FierceWirelessTech Editor Tammy Parker recently spoke with Alex Jinsung Choi, executive vice president and head of SK Telecom's ICT R&D division, regarding the operator's roadmaps for LTE Advanced and 5G. Choi touched on the challenges of deploying carrier aggregation technology, other LTE Advanced features the carrir has brought to its network and the company's vision of 5G. Hot Seat
The South Korean mobile communications market is one of the world's most competitive and innovative. That keeps the pressure on SK Telecom, South Korea's largest mobile service provider, to find way to keep implementing cutting-edge technologies. Editor Tammy Parker recently conducted an email Q&A with Alex Jinsung Choi, executive vice president and head of SK Telecom's ICT R&D division, regarding the operator's roadmaps for LTE-Advanced and 5G. The following is an edited and condensed version of that Q&A.
LTE Advanced is the next phase in the network technology roadmap and many operators are embarking on the LTE-A migration path more quickly than expected thanks to the escalating growth in mobile data. As of July 1, the trade group 4G Americas had tallied 13 operators that had deployed LTE-A in 11 countries worldwide. In the U.S. there is just one operator so far: AT&T Mobility.
Bouygues Telecom this week announced the launch of commercial LTE Advanced (LTE-A) services in a number of towns and cities across France, and SFR and Orange also took the opportunity to provide an update on their LTE-A rollout strategies.
LTE is gaining ground globally and is now commercially deployed in 300 wireless networks globally today and is expected to be in 350 networks globally by year-end. In addition, the next iteration of LTE, or LTE Advanced, is also expanding its reach with nine commercial deployments globally today and 40 networks expected to have LTE Advanced by year-end, according to the trade group 4G Americas.
It's been one year since South Korea's SK Telecom became the world's first carrier to activate LTE Advanced carrier aggregation with a commercial smartphone available for use with the service. That anniversary prompted me to ask around about any pitfalls to this technology that carriers and vendors may have come across now that there is a year of carrier-aggregation experience under the industry's collective belt.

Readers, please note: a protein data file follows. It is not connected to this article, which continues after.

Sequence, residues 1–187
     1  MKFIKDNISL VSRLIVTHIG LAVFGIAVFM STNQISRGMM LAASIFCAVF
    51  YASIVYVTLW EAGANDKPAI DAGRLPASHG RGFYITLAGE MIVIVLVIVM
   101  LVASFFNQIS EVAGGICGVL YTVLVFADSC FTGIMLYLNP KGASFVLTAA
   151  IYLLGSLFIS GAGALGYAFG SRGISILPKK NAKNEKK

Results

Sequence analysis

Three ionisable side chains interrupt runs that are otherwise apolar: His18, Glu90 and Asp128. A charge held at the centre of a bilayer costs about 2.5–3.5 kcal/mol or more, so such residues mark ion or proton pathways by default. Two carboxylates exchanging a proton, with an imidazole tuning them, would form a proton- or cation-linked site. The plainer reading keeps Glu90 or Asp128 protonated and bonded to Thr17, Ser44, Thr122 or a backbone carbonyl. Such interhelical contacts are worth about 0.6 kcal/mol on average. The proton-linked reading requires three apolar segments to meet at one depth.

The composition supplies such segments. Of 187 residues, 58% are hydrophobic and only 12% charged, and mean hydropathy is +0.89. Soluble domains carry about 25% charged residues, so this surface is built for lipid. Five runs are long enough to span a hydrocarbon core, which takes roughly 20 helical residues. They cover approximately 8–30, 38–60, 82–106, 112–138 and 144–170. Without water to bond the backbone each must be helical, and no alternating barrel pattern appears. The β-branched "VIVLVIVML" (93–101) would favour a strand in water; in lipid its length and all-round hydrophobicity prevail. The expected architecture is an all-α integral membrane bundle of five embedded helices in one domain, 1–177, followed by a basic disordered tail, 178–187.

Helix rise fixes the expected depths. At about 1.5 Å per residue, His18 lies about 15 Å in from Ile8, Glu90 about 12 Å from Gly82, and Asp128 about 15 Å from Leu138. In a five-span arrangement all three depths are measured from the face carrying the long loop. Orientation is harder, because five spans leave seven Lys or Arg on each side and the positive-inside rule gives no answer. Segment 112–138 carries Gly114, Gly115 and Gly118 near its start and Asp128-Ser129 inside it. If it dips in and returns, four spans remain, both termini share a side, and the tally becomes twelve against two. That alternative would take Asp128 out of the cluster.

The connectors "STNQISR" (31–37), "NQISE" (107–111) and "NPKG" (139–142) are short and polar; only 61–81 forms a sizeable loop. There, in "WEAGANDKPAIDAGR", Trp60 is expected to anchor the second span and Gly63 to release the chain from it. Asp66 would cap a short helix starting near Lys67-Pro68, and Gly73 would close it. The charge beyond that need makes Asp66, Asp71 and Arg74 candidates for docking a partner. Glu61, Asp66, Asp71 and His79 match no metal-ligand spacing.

Intel is envisioning the introduction of PCs that will require absolutely no cables by 2016, enabled by wireless display, docking and charging technologies.
Sprint is jumping into LTE Advanced (LTE-A) carrier aggregation later this year as part of its Sprint Spark initiative, and the operator is also taking hard looks at numerous other cutting-edge technologies, such as SON and even Cloud RAN, for inclusion in its long-term roadmap, said a top executive.
The total LTE baseband market will expand by 47 percent to reach 338 million units this year, according to a new report from Forward Concepts. The firm said the LTE baseband market totaled 291 million units in 2013, up from 103 million in 2012.
Intel reported overall first-quarter results that slightly beat analysts' expectation, but the company also laid bare its current financial weakness in the mobile market. Intel CEO Brian Krzanich and other executives said the company has a solid roadmap and path to profitability, but that it will take time to make money from chips it puts into smartphones, tablets and other mobile devices.